DUGGINS—(GOP Presidential hopeful) Nikki Haley got on the bandwagon with this, sort of by saying that embryos are people, but then she backed away. But, I'm kind of curious and tell me if I'm crazy or not. But politically speaking, this would be a way for the GOP to talk “pro life” without specifically addressing Roe v. Wade and eliminating a woman's right to abortion, which impacts many more women than IVF.

MARTY—They can't. This is not they've basically painted themselves into a corner by deciding that they were going to play with the anti-abortion wing of the United States. There’s a far-right wing pro-life organization that creates data in order to try to change the public perception into believing that a fertilized egg is the same as an unborn person and has to legally be treated as such. And they have recently put out a call to action for people to contact the CDC, which right now is looking at doing some rules around reporting on IVF. Most of the GOP does not believe in this. I mean even we have Donald Trump allegedly trying to broker some sort of compromise on 16-week abortion bans.

DUGGINS Okay, so we started off with the end of Roe v. Wade, then Alabama's trigger law went into effect, and now we got IVF being impacted. What's next in terms of what the next chapter might be?

MARTY-- I was waiting for what's next. And honestly, the idea of figuring out what's next is what scares me the most, I do think that we're going to see an end to emergency contraception, I think that we are going to see an end to any sort of easily accessible birth control, which is difficult out in Alabama already as it is, for people who don't have insurance, it is almost impossible to get free or low cost birth control all of the title 10 funding is handled through Alabama Department of Health. And often it can take months to get an appointment there. So, if you do not have a private doctor, your options are essentially the Alabama Department of Public Health and waiting or coming to our clinic. With out needing to actually pass anything legislatively, it is possible for lawmakers for the government of Alabama to find ways to close off those few options that are left.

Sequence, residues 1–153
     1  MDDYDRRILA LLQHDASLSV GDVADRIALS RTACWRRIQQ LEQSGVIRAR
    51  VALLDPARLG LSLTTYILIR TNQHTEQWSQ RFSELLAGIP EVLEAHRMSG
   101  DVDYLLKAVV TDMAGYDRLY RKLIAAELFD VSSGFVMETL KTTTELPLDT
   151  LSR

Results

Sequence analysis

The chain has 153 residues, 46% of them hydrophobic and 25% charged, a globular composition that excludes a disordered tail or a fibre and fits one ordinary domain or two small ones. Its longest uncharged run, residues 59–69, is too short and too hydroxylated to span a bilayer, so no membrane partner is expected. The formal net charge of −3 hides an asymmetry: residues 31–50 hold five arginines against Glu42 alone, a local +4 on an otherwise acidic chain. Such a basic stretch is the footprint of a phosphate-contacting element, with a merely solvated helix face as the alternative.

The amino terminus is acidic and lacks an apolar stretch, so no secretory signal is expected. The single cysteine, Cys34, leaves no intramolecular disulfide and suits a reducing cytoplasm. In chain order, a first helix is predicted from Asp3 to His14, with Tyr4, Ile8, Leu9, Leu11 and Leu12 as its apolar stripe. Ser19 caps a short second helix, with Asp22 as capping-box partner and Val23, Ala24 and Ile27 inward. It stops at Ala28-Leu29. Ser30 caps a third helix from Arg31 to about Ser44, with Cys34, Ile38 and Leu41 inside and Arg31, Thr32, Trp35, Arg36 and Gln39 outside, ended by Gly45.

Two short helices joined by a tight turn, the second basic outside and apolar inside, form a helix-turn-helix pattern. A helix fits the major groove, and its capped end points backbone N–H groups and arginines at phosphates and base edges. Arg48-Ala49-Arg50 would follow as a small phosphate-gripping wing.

DUGGINS-- My initial thought was okay, now the GOP can talk about, “pro-life” issues with this without having to talk about Roe v. Wade. But within minutes of that I saw another article pop up online, that you know, this is going to actually backfire on the GOP because basically, the same people who were upset about Roe v Wade are going to be upset about what happened with Alabama regarding IVF. What do you think?

MARTY-- I think that people are going to be angry and rightfully should be angry. This is not a partisan issue. This is about whether people should have the ability to create families this is about whether people should have the ability to decide how big their families should be. All of these things are in the same bucket and they're all under attack and they all affect everyone regardless of their party, regardless of their race, their religion, where they live. These are all the same issue. And when you see a Supreme Court that comes out and attacks any one of these issues, you know that they're all under threat to me.

APR news has reached out to the Alabama Republican Party for comment.  

News from Alabama Public Radio is a public service in association with the University of Alabama. We depend on your help to keep our programming on the air and online. Please consider supporting the news you rely on with a donation today. Every contribution, no matter the size, propels our vital coverage. Thank you.